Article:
The winner in Sony’s potential entrance is Microsoft, even if the release of a Vaio-branded Windows Phone handset could potentially slow sales growth of its — soon to be owned — Lumia phones. Microsoft would collect a per-unit fee, perhaps enjoy faster overall platform sales growth, and, of course, there has ever been an implied connection between the Windows Phone and Xbox product lines. We have yet to see hard evidence in my estimation that one leads to greater use of the other, but the shared Xbox platform experience must have some impact on consumer activity.

Therefore, Sony building a Windows Phone would have some positive impact on Xbox. And that would, presumably, come at the cost of Playstation momentum.

According to the latest public data, Nokia’s control of usage share in the Windows Phone hardware ecosystem is now more than 92 percent. That’s dangerous for Microsoft as betting your mobile platform on a single device stack could lead to platform risks (a poor hardware update cycle could slow growth for a year, etc.), meaning that Sony’s joining the Windows Phone cadre could better moor Windows Phone.

When Windows Phone launched, it did so with OEM partners as diverse as Dell. There has been a winnowing. If Microsoft can flip that trend, it will have gone a ways to proving that the progress it made in 2013 was no fluke.

Top Image Credit: Flickr


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Alex Wilhelm

December 31st

Gadgets

LG May Be Taking Another Stab At The Wearable Activity Tracking Formula

lifebandtouch

CES 2014 is just around the corner, along with enough new gadgetry to fill several lifetimes. Last year we saw a glut of activity trackers pop up in the wake of notable hits like the Fitbit and Jawbone’s UP, and now it looks like LG is taking yet another stab at the wearable fitness formula with its newly leaked (thanks to @evleaks) Lifeband Touch.

Wait, hold on, another stab? Let’s not forget that LG showed off an awfully familiar looking quantified self contraption at last year’s CES, a device that never found its way to store shelves. That earlier unit was capable of connecting to certain compatible LG smart TVs in addition to just tracking your movement, which has to be one of the savvier approaches to building a wearable I’ve seen yet.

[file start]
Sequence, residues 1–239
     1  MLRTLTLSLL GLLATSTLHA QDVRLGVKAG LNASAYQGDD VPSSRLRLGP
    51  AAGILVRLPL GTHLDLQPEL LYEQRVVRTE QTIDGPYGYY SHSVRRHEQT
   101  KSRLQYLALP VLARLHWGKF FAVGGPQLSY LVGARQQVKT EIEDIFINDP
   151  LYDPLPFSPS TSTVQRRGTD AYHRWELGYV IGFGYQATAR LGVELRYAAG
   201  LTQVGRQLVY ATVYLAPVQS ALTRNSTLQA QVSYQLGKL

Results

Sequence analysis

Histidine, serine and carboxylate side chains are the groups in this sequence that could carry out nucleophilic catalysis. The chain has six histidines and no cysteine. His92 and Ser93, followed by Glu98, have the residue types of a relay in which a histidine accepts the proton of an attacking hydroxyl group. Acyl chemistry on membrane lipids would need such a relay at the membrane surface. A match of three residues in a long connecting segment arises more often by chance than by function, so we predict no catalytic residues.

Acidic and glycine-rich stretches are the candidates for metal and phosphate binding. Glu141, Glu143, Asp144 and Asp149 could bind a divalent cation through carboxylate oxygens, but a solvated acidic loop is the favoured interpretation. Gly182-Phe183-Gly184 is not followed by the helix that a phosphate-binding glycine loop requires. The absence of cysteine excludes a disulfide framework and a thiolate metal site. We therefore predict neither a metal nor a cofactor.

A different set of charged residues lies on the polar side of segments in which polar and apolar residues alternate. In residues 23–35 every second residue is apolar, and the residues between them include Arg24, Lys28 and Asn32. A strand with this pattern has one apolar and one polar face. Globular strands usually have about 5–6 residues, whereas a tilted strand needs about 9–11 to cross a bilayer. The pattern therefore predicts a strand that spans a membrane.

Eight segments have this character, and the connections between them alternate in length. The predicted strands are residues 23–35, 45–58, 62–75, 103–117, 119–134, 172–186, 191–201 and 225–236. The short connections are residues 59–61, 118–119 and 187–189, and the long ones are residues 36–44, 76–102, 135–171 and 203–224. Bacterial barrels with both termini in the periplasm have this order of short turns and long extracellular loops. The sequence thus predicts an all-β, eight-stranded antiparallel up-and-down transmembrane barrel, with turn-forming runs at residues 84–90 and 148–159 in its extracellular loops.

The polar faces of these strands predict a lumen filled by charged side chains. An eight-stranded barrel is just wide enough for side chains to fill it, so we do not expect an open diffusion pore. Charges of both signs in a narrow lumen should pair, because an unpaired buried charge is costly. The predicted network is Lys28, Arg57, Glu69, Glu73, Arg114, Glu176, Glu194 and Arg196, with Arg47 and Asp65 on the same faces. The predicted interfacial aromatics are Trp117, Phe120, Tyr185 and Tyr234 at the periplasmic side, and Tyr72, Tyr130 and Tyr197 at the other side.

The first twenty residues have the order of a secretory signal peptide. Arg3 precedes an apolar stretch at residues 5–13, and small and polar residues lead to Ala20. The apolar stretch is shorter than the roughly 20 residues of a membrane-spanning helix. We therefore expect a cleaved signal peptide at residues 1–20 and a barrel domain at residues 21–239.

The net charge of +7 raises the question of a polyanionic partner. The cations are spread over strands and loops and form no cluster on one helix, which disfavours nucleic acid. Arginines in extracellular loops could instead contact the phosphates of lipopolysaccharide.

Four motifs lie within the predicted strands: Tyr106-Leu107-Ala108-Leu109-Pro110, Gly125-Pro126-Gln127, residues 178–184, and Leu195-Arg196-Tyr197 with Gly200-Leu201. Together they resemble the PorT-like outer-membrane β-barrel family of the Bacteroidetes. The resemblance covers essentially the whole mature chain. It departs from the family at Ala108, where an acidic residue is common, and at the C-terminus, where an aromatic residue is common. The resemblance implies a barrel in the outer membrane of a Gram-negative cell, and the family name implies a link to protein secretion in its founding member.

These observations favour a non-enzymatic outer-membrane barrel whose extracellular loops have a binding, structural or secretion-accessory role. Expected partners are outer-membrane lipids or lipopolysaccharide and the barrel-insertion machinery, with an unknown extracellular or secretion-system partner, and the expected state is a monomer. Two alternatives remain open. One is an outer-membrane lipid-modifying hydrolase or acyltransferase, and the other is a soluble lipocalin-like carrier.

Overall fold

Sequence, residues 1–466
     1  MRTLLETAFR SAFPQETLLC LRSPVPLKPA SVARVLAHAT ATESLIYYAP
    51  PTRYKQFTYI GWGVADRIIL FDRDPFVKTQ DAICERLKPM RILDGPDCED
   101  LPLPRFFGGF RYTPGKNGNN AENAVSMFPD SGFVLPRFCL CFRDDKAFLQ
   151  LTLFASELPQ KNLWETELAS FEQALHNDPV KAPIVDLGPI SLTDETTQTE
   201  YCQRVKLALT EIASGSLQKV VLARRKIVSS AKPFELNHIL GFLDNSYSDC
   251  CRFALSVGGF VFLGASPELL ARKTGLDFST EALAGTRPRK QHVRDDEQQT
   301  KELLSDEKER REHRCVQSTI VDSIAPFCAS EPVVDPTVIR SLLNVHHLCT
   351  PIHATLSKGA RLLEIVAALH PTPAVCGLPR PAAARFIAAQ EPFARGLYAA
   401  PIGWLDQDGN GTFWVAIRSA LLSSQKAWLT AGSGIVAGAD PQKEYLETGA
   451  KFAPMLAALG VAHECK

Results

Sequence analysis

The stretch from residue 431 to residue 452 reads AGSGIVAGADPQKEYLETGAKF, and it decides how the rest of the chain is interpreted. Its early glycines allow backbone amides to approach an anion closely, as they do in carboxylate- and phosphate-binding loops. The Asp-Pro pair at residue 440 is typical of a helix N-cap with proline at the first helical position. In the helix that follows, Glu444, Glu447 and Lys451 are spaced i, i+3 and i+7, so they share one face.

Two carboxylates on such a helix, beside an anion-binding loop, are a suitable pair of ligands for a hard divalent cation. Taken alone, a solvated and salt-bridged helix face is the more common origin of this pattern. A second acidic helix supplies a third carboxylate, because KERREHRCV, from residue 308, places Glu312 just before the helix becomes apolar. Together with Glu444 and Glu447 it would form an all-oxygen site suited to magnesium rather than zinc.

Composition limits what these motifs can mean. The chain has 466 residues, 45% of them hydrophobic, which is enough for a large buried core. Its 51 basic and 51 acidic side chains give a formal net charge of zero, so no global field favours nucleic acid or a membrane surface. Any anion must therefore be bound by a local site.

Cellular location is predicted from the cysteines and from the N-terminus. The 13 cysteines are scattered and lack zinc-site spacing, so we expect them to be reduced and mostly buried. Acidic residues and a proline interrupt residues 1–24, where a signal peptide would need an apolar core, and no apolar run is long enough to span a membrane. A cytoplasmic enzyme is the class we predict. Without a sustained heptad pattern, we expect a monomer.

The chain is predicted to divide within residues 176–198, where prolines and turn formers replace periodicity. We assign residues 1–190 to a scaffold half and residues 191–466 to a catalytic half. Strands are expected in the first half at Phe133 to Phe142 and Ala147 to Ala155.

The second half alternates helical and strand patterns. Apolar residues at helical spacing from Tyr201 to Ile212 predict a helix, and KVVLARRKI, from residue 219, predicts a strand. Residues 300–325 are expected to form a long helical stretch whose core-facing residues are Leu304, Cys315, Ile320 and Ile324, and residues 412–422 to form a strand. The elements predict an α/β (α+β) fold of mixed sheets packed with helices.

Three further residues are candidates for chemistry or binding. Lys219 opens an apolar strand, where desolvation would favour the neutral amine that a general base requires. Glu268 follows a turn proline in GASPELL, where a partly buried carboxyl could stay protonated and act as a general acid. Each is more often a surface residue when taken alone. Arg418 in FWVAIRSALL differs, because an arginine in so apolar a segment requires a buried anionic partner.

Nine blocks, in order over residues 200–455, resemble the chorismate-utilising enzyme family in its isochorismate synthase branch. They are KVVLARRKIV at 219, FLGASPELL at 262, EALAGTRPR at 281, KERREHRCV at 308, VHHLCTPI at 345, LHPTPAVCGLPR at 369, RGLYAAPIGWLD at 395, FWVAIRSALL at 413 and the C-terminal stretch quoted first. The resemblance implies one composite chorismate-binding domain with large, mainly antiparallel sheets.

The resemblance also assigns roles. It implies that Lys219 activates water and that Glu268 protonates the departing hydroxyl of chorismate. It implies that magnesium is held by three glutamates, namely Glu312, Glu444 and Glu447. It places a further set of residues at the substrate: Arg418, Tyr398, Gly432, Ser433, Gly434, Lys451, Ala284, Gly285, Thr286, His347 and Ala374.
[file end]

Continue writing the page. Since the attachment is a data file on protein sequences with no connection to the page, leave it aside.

After all, if you’re going to insist that people wear your wrist-worn doodad for days on end, what better way to go than to connect it to more things you’re likely to interact with often anyway. Sadly, there are precious few details to go on at this point so the Lifeband is

If we’re being honest, the Lifeband’s existence doesn’t come as much of a surprise — LG has already confirmed that it’s continuing to work on wearable devices, and some recent rumors pointed to a health-conscious angle. The real question, though, is whether or not these things will ever actually see the light of day.

The quantified self market is still a relatively young one, but it’s already got its fair share of big-name incumbents that seem to get the lion’s share of attention from the press and consumers alike. Then again, the Galaxy Gear seemed like one of those kooky vaporware projects for a while before Samsung (for better or worse) decided to push it out the door — maybe LG will throw caution to the wind and release this thing after all.


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Chris Velazco

December 31st

Gadgets